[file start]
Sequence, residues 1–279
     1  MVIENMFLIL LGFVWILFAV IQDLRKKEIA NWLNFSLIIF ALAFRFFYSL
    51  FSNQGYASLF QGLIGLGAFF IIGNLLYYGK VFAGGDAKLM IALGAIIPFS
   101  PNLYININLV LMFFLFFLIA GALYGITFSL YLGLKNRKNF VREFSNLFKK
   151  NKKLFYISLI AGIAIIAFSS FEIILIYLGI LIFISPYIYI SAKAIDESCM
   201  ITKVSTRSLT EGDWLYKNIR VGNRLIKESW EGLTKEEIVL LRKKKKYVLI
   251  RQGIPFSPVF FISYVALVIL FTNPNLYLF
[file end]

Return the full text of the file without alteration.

Sequence, residues 1–279
     1  MVIENMFLIL LGFVWILFAV IQDLRKKEIA NWLNFSLIIF ALAFRFFYSL
    51  FSNQGYASLF QGLIGLGAFF IIGNLLYYGK VFAGGDAKLM IALGAIIPFS
   101  PNLYININLV LMFFLFFLIA GALYGITFSL YLGLKNRKNF VREFSNLFKK
   151  NKKLFYISLI AGIAIIAFSS FEIILIYLGI LIFISPYIYI SAKAIDESCM
   201  ITKVSTRSLT EGDWLYKNIR VGNRLIKESW EGLTKEEIVL LRKKKKYVLI
   251  RQGIPFSPVF FISYVALVIL FTNPNLYLF